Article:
Another core value is sustainability which is rooted in compassion and concern for our Mother Earth.  I grew up very close to my grandparents (Vincent James and Mary Alice Blandina) who grew a beautiful garden and instilled in me a sense of responsibility for our environment, health and quality of our food.  I lived in New Zealand in college where the appreciation and reliance on the land was a strong value and part of the Kiwi livelihood. It was also the place where I was initially introduced to merino wool. I studied nutrition and believe strongly in the quality of our diet and the more I read the more convinced I am that our health can only be as strong as our environment. And when I started having children I was awakened to the damage our clothing and consumption can have on our (or actually their) world - particularly all the synthetic polyester clothing. But I still love to make and I love fashion so I choose to design pieces that are as natural, respectful, timeless and high-quality as possible so that we can consume less but better.  The clothing is all made in Chicago by people who make a living wage and can make a life with what they make. To me, that’s another important piece of sustainability.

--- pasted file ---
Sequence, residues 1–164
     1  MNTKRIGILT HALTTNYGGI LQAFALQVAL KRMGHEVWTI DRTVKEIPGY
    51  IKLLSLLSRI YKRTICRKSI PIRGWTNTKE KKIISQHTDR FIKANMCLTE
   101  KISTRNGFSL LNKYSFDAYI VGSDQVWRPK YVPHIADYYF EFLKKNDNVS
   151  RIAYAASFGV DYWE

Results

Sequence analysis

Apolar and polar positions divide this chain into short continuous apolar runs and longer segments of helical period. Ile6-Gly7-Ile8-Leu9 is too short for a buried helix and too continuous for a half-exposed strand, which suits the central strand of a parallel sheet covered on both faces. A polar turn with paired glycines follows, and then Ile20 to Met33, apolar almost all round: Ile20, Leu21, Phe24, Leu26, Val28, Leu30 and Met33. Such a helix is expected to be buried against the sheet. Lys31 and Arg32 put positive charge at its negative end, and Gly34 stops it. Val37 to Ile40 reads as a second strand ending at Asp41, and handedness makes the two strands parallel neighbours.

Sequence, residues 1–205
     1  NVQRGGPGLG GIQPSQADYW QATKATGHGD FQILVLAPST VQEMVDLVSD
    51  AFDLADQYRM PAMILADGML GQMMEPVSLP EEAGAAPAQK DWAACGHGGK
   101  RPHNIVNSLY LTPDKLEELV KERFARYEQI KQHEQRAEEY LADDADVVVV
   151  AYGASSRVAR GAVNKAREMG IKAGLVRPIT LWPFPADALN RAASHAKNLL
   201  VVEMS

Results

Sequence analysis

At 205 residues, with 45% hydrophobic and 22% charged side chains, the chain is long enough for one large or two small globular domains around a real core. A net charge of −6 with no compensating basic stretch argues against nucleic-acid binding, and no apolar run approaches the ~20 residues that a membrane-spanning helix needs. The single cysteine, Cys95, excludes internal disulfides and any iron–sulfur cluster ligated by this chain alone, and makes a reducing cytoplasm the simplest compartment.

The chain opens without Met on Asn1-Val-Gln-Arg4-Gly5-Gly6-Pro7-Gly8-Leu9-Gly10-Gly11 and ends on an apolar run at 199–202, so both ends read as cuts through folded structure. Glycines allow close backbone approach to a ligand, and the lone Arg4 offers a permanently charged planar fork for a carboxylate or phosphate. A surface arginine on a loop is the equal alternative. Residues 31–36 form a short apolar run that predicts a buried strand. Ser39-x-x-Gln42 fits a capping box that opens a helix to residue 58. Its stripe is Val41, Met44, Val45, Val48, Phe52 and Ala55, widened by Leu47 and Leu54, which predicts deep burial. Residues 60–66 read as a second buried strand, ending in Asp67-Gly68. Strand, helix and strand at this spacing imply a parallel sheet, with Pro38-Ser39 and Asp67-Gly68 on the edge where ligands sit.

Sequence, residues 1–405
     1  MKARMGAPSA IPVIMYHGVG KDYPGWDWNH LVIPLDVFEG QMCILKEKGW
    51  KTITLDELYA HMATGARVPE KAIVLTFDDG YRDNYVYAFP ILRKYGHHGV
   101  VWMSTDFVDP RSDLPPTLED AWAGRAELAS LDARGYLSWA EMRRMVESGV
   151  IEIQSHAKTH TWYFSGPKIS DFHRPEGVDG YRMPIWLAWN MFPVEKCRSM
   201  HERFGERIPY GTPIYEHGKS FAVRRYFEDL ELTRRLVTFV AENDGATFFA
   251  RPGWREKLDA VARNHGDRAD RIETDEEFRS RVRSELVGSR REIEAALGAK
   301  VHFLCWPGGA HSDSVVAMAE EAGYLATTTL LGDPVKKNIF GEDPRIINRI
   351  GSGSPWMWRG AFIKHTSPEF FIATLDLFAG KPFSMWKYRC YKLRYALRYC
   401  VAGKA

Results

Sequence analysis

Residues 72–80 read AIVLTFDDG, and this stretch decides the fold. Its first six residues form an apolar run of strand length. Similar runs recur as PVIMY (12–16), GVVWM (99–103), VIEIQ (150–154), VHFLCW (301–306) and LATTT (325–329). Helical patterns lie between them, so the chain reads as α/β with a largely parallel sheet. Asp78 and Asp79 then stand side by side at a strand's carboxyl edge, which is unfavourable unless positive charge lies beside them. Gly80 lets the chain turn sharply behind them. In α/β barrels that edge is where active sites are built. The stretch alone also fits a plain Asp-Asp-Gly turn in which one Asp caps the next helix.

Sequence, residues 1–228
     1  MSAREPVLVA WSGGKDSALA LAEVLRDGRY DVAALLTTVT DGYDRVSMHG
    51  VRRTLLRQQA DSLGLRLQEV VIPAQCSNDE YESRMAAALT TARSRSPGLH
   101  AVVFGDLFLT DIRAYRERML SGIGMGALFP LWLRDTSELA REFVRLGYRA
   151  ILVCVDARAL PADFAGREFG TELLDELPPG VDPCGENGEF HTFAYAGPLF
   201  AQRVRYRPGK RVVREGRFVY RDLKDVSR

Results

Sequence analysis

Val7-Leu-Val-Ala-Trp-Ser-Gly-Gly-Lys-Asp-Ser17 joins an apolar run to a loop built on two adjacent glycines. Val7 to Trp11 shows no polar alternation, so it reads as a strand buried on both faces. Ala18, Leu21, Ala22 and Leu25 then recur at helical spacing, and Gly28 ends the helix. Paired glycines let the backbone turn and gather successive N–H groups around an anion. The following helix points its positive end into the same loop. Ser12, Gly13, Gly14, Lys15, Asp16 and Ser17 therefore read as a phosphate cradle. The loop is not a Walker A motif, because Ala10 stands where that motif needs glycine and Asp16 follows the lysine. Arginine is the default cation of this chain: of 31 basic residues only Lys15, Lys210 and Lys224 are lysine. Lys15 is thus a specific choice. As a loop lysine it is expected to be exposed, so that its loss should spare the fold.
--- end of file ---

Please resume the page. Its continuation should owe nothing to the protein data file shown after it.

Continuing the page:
Ethical production, my 3rd core value for my business, compliments and completes the other values of sustainability and empowering women.  Most of our clothes are made by women but unfortunately under less than ideal working conditions and less than living wages. I know that as women we have so much power in our purchases and can cast a vote with every dollar we spend for the world we want.  I’m not perfect and no one expects perfection, but if you want to help people, particularly helpless children who deserve more, the best way to do that is by empowering women who will then put the money they make back into their families and communities. Choosing ethically produced clothing and goods trickles down to those who can’t yet help themselves or who might not have all the opportunities at their fingertips that many of us are fortunate to have.